Table 3 shows the associations between BMI and obesity and the usage duration of the three devices. High BMI had an association with short time using computers and mobile phones and the overall usage time of the three devices (all p < 0.01). People with obesity spent a short time using computers (2.38 vs. 2.07, p < 0.05) and mobile phones (3.00 vs. 2.60, p < 0.01). They also had a short overall time using the three devices (p < 0.001).
Table 3. Associations between BMI and obesity the time spent by the participants using the three electronic media devices.
Multiple Linear Regression Results of BMI With the Three Electronic Media Devices
Table 4 shows the linear regression analysis results of BMI with the three electronic devices. We found no significant association between TV program viewing time and BMI (p > 0.05). By contrast, we observed significant inverse associations between BMI and computer and mobile phone usage in the simple regression model (both p < 0.05). The overall time of using the three devices also had a significant association with BMI [β = −0.08, 95% confidence interval (CI) = −0.109 to −0.05, p < 0.001]. Age, gender, work status, marital status, education level, family monthly income, drinking habits, and breakfast frequency had significant associations with BMI and the usage of the three electronic screen devices (p < 0.05). Hence, we introduced them into the multiple linear regression models as potential confounders. After adjusting for age and gender, the regression coefficient of computer usage was −0.093 (95% CI = −0.138 to −0.049, p < 0.001). This value had slightly increased after further adjusting for work status, marital status, education level, family monthly income, drinking habits, and breakfast frequency (β = −0.063, 95% CI = −0.112 to −0.015, p < 0.05). For the association between mobile phone usage and BMI, we found no significant association after adjusting for all confounders (p > 0.05). Regarding the total usage time of the three electronic devices usage, an hour increase predicting 0.04 kg/m2 decreases BMI (95% CI = −0.073 to −0.007, p < 0.05).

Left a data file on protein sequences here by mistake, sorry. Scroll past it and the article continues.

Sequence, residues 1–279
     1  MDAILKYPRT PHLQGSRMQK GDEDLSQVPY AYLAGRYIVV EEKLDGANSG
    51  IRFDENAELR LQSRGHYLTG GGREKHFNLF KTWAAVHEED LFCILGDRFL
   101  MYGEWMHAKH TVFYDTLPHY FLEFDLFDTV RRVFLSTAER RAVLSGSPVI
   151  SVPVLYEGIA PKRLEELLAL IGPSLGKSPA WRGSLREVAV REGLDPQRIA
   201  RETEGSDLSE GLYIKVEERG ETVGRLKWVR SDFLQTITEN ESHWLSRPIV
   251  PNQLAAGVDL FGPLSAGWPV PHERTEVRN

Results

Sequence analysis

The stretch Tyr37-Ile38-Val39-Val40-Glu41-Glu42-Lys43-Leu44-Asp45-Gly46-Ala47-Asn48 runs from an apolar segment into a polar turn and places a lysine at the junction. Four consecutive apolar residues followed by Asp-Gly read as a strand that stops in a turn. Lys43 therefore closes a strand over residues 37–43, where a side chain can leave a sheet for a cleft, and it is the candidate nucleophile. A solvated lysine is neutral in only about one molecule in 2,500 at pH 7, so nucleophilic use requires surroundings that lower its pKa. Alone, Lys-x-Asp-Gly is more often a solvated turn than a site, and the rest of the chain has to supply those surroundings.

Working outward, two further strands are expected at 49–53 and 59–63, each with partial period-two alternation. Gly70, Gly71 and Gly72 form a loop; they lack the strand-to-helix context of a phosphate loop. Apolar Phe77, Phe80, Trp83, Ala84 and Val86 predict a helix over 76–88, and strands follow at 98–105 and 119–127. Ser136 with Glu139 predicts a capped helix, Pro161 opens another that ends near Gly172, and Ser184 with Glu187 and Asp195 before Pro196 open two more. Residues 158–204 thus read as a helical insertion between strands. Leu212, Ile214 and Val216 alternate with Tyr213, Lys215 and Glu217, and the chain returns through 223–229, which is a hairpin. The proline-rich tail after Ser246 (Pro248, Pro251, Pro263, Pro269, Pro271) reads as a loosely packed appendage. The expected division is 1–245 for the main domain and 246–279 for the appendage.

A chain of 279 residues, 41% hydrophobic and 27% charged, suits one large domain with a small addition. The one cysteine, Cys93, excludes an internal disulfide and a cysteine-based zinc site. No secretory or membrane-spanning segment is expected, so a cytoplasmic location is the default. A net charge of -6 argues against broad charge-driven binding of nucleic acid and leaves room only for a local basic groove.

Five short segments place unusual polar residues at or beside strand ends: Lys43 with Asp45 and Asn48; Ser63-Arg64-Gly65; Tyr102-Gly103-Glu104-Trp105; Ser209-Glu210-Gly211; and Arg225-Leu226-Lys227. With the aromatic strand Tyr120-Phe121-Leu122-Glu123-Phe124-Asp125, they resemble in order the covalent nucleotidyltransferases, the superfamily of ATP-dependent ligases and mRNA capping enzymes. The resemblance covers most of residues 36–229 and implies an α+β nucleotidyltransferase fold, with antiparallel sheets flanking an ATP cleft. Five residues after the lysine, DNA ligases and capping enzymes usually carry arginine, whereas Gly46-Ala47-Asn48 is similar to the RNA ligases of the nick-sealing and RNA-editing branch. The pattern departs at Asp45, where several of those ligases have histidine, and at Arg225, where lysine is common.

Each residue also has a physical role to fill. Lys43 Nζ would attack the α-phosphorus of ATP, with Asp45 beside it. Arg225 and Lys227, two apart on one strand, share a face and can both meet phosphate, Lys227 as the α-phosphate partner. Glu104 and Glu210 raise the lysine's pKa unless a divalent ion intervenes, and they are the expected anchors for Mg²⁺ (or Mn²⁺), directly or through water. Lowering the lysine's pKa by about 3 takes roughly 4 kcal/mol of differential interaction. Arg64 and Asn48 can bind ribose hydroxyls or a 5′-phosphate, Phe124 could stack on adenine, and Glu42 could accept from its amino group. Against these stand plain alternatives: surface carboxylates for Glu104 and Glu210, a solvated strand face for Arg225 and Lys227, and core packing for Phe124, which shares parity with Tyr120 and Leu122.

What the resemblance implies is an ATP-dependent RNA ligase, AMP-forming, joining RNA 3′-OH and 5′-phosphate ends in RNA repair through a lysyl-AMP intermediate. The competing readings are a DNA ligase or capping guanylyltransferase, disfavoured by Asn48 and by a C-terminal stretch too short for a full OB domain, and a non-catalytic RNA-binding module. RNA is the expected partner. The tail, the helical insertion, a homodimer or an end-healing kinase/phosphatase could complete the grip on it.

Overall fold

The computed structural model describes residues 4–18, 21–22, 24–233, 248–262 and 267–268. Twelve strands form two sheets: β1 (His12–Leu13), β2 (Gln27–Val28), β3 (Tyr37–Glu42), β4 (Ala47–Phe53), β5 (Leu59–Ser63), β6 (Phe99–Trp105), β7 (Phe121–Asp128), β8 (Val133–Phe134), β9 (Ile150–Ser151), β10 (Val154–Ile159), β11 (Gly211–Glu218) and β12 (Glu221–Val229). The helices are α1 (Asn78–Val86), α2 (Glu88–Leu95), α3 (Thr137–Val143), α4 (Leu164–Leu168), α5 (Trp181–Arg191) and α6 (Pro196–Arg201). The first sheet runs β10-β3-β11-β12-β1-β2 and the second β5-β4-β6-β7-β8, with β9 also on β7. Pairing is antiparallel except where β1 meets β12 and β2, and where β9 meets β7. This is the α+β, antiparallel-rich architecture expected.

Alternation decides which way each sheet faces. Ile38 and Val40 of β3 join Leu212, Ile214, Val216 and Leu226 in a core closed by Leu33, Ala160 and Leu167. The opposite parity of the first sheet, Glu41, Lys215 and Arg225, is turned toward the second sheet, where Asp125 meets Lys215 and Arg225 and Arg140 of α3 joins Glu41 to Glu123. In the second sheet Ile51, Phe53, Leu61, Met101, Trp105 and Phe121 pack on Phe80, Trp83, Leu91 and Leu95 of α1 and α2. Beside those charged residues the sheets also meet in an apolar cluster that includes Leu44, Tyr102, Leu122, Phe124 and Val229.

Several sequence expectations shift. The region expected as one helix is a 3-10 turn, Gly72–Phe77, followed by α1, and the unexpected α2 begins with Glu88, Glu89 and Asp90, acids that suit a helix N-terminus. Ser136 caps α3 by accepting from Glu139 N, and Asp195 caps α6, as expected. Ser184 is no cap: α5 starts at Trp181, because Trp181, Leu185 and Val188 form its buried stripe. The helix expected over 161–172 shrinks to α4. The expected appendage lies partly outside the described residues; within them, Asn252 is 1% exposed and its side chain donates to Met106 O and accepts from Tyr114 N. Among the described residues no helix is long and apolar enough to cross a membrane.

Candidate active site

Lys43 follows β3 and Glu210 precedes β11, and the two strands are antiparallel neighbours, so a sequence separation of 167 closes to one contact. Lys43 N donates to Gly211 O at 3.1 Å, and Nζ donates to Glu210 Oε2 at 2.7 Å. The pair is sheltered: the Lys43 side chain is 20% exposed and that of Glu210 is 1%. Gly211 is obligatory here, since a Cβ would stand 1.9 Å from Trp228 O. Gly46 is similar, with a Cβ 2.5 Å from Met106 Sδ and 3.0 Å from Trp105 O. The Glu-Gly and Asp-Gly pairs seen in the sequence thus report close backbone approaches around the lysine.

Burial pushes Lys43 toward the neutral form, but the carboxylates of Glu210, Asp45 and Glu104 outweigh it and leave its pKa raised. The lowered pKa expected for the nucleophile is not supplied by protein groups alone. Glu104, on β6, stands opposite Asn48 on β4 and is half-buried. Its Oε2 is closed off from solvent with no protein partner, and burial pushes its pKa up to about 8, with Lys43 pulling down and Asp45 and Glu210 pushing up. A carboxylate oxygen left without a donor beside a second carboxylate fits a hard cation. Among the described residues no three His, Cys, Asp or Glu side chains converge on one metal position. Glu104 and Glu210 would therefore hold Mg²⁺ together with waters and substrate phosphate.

Table 4. Multiple linear regression results of BMI with the time usage of the three electronic media devices.
In our study, watching TV programs and using computers and mobile phones were all popular in Nanshan residents of Shenzhen. Mobile phones were the most frequently used electronic device in this population with the longest usage time. Each person reported an accumulated time of using the three devices beyond half of the daytime (>6 h). The age groups polarized the usage pattern. Young people spent less time watching TV programs but more time using computers and mobile phones. Unlike most previous studies, we found an inverse association between BMI and electronic device usage time, indicating that people who spent a long time using these three electronic devices were likely to have low BMI.